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Mind & Matter

 

Lessons from Tokyo

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Tokyo residents after the 1923 earthquake. Photo by the Japan Society.

 

In the aftermath of Haiti’s massive quake, it will help to remind ourselves of other similarly devastating circumstances and subsequent acts of rebuilding. In 1923, Tokyo experienced significant destruction in the Great Kanto earthquake, which topped 8 points on the Richter scale. The quake caused uncontrollable fires that raged through the city, leaving 60% of the population homeless. Nearly 700,000 homes were destroyed, and over 140,000 people killed.

As Tokyo was rebuilt, Japanese building codes were modified to reflect the construction techniques used in the buildings that remained standing. Transportation services were enhanced, and additional parks were created for shelter.

Approximately two decades later, Tokyo experienced substantial ruination from fire bombs in World War II. Again, infrastructure was redeveloped and augmented while neighborhood fabric was rebuilt in situ. As Matias Echanove and Rahul Srivastava remind us in a recent Times article, this widely distributed and highly participatory redevelopment process “not only strengthened communities but also stimulated the local economies” because it left intact “many traditional Asian urban features including street markets, small-scale businesses and family enterprises.”

When it is time to rebuild Port-au-Prince, Echanove and Srivastava advocate that we should find a way to construct safer buildings and urban fabric—not by razing existing communities and displacing people far away in high rise apartments—but by intelligently retracing the communal spaces and networks that served society so well before the disaster. That way, physical and social reconstruction may both be successful.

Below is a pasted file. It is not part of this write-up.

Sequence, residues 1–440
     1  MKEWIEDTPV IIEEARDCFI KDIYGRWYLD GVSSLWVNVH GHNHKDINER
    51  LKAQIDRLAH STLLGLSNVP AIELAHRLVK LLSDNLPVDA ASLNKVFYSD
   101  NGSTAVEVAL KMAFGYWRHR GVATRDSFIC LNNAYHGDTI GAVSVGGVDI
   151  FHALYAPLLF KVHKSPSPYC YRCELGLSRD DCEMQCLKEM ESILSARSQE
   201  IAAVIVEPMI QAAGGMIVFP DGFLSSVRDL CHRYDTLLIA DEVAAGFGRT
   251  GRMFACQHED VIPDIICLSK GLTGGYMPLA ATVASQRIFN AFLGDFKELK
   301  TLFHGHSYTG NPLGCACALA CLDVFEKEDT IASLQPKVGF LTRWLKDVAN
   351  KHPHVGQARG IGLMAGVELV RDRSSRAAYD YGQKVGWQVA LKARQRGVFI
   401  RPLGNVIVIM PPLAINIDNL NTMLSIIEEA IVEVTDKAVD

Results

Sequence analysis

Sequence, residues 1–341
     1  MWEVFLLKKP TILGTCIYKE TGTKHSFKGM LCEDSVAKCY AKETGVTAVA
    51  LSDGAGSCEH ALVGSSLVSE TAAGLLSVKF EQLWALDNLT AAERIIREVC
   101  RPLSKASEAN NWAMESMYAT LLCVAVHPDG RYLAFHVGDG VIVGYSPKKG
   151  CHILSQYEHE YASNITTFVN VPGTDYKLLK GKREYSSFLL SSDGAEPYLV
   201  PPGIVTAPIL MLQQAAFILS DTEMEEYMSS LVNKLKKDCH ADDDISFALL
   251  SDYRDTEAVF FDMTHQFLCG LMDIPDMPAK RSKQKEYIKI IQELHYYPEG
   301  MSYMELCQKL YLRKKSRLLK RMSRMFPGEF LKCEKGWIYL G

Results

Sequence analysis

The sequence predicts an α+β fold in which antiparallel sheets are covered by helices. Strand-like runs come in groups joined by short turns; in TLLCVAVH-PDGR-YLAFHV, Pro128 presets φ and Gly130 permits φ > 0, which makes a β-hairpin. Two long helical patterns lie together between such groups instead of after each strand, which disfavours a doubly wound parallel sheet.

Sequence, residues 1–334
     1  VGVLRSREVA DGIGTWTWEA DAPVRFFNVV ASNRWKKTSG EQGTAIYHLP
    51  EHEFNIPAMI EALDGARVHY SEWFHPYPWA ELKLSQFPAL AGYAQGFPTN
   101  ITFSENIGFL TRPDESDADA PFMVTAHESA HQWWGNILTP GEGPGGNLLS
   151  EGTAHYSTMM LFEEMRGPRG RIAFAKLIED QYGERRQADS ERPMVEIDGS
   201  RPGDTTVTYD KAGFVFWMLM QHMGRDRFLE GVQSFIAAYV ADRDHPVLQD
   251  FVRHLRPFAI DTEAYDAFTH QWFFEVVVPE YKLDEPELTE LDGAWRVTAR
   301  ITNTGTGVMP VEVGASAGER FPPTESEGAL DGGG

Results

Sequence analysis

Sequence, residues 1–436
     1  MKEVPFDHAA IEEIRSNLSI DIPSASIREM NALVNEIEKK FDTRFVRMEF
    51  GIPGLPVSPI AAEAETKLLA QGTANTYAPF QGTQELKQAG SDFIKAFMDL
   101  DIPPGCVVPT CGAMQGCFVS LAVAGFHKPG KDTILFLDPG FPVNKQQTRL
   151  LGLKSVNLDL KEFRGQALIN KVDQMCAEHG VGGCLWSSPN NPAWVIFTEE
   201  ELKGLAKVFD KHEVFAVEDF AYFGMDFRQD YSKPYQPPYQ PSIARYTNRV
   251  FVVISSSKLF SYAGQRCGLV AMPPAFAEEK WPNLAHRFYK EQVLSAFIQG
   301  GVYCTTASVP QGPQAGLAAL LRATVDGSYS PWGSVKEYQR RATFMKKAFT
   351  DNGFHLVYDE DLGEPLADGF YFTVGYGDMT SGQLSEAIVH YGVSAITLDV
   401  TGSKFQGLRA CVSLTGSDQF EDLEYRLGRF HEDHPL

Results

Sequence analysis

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About the Blogger

Blaine Brownell

thumbnail image Minnesota-based architect and author Blaine Brownell, AIA, is a self-defined materials researcher and sustainable building adviser. His "Product of the Week" emails and three volumes of Transmaterial (2006, 2008, 2010) provide designers with a steady flow of inspiration—a 21st-century Grammar of Ornament. Blaine has practiced architecture in Japan and the U.S. and has been published in more than 40 design, business, and science publications. The recipient of a Fulbright fellowship for 2006–07, he researched contemporary Japanese material innovations at the Tokyo University of Science. He currently teaches architecture and co-directs the M.S. in Sustainable Design program at the University of Minnesota. His book Matter in the Floating World was published by Princeton Architectural Press in 2011.